The first week of April is probably one of my favorite times to be in Chicago -- most peoples' brackets are shot, and cheer for some random team they know ZERO about (Yeah! Butler! woo!); Cubs/Sox rivalries heat up, and there are always those few people that hang on to dear life to that one warm day and insist on wearing flip flops and cargo shorts until November. Personally, I'm guilty of all three. I had Ohio State taking March Madness by storm (still shaking my fist at Evan Turner), rocked a backwards Cubs hat with pigtails at work, and the yellow havianas have made an appearance or two... three... four...

I'm going to make two admissions here: 1. I don't know much about college sports. I pick my bracket based on colors, mascots, and schools that have beat schools I liked in the past. My college made one really really good run to the Sweet Sixteen in 2006, and that is my fondest memory of the tourney. 2. I am a Cubs fan that grew up on the southside. I know, it doesn't make sense. Wah wah. I feel these two factors seriously tint the view I have on springtime in Chicago.

Springtime in Chicago is when the fairweather fans make their first major appearance of the year. There, I said it. Before March Madness began, how many people do you think could locate Duke and Butler on a map? Butler? Is that in Ohio? Duke, somewhere on the east coast, right? Don't get me wrong, I cheered for Butler, I really did. It's hard for me to watch sports of I'm not backing a team. It's ok to watch and get into a game, but I just can't stand people that think they're on a first name basis with the players. Ugh.

On to baseball... Go Cubs! This year is our year! Um... Screw the goat.. what other clichés can I come up with? Opening Day in Chicago was truly a battle of the pitchers. Mark Buehrle and Carlos Zambrano. The perfect pitcher, and the hot head with that one no hitter a couple years ago. The stand up classy guy, and the guy that whips off his belt when the benches clear. Yep. I'm a Cubs fan, but I can differentiate talent and crazy when I see it. And, true to expectation, Zambrano throws a hissy fit on the mound, and Buehrle makes probably the best defensive play of the year.

That being said... why is it that in Chicago some people take more pride in hating on the other team than cheering for their own? The "Gay Bar" Wrigley Field jokes and "Crack House" Comiskey (U.S. Cellular is a bad telecom service provider, it doesn't deserve to be attached to a baseball stadium) jokes are a bit old, and a tad too easy, non? We get it... haha.... Wrigley Field is near an area with a large pocket of homosexuals, and yes... haha, Comiskey Park isn't in the most economically burgeoning community in the city. Jokes!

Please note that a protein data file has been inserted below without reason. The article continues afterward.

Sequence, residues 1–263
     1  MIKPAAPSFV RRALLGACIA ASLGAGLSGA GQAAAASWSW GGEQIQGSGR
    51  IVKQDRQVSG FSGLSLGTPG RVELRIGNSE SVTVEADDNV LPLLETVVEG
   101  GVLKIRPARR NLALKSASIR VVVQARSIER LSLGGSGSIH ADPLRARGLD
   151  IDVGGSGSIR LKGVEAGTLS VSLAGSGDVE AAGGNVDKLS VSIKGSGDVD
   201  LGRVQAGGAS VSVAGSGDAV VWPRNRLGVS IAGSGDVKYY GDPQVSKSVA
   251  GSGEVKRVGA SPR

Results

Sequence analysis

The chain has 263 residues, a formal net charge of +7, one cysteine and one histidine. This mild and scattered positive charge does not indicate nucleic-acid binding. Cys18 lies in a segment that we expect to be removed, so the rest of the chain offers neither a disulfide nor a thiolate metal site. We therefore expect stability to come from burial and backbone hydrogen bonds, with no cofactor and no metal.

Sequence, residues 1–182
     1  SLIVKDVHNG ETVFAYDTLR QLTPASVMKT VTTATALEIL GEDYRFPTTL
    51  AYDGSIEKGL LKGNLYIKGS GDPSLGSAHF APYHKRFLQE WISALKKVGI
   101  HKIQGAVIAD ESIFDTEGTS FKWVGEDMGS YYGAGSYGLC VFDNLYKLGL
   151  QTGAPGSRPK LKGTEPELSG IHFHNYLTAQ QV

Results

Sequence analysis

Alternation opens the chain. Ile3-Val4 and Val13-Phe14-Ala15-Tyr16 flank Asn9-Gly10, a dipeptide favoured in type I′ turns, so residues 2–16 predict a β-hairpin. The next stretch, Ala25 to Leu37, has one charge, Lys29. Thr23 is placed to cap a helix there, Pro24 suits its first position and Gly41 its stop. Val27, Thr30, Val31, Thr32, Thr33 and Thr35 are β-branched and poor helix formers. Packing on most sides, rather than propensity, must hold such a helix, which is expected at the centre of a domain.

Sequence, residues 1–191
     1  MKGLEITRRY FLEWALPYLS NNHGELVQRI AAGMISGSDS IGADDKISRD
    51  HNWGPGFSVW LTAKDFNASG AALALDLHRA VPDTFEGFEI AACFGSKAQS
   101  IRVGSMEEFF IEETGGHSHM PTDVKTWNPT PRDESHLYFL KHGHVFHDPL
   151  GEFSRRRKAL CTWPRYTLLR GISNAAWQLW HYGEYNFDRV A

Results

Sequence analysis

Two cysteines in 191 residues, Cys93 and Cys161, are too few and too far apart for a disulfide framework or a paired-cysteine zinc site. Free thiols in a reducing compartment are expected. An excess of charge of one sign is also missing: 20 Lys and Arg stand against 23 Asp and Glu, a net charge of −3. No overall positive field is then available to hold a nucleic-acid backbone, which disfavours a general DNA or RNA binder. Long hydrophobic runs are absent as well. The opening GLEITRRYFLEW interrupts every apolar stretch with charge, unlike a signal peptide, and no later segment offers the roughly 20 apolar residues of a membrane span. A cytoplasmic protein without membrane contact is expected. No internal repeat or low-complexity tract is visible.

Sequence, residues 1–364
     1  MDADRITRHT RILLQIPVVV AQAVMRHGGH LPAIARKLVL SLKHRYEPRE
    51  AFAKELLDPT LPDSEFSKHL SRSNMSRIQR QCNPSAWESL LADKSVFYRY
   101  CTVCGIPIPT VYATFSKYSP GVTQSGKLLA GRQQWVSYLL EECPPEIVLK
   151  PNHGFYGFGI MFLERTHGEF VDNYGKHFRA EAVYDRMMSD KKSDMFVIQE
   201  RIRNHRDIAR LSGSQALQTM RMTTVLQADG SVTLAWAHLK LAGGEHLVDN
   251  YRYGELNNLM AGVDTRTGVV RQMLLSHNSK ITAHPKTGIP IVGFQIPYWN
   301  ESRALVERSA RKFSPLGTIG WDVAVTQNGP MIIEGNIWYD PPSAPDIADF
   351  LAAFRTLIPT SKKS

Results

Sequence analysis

Even social media is riddled with this crap. "OMG BEST DAY EVAR! SOX WIN AND CUBS LOSE!" Um... what?! Oh em gee, your day is made because a team you don't like lost the first game of a 162 game season? "OH WELL! CUBS MAY HAVE LOST, BUT AT LEAST WE'RE NOT IN THE GHETTO. SNAP" Great spirit there, champ. Not everything south of Madison is public housing. (Actually, as I type this, I'm sitting 50ft south of Madison)

I'm ALL about taking pride in your team. I'm a Cubs fan, for pete's sake! Three generations of Chicagoans have been disappointed by this team. I'm not going to jump ship, but I'm sure as hell not going to wish ill will upon the White Sox. Let's all agree, America, that that sort of hatred is reserved only for the Yankees and Packers.

I digress.    

But I think the thing I love most about the first week of April, though, is that the Midwest is emerging from the cumbersome hibernation that winter imposes. People are outside again, spots are cramming the sidewalks with tables and chairs, those double decker buses are shuttling Marty and Mary Michigan up and down the city... and so it goes. Spring is a time for regrowth, new beginnings, and blah blah blah, psycho-babble bullshit. Although it's a change, it's a dependable change. In a weird way, I find the change of seasons comforting. I can always rely on the fountains turning on, or State Street being clogged in the afternoons. Consistency. So crack open the Old Style's/PBR's/High Life's and let's celebrate the middle of fiscal.